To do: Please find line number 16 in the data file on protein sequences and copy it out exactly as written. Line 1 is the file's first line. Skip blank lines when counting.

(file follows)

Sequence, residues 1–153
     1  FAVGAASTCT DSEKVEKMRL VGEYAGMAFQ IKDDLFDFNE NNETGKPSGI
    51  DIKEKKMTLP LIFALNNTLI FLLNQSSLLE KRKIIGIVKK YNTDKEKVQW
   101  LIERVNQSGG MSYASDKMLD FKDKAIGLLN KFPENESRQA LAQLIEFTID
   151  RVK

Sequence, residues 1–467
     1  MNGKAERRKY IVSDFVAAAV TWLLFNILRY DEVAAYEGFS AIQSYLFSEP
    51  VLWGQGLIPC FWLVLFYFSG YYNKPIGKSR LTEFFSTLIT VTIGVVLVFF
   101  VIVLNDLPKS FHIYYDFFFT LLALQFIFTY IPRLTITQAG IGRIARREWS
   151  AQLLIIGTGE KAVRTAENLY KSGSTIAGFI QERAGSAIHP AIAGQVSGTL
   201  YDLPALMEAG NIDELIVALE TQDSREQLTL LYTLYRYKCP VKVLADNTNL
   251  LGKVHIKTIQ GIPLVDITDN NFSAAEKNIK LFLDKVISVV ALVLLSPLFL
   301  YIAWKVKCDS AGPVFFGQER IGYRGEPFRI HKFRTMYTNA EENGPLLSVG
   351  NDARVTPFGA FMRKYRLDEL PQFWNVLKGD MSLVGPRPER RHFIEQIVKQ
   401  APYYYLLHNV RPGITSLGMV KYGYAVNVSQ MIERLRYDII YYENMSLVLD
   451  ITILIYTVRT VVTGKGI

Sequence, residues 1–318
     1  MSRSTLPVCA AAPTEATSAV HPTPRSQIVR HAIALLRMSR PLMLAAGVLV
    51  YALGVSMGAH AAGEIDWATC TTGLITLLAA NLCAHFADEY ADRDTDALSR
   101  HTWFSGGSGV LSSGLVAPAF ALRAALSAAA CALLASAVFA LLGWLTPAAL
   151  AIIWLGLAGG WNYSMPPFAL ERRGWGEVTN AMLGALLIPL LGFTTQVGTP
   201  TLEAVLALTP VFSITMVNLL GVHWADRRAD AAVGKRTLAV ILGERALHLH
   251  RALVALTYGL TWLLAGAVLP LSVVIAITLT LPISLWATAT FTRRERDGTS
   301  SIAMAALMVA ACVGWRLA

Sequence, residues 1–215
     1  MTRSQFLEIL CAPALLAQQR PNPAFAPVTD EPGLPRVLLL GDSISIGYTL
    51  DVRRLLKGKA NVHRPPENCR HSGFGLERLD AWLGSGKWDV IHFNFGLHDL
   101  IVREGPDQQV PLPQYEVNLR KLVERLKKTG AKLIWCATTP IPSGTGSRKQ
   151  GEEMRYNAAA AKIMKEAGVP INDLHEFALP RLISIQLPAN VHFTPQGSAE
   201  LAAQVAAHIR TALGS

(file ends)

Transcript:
   451  ITILIYTVRT VVTGKGI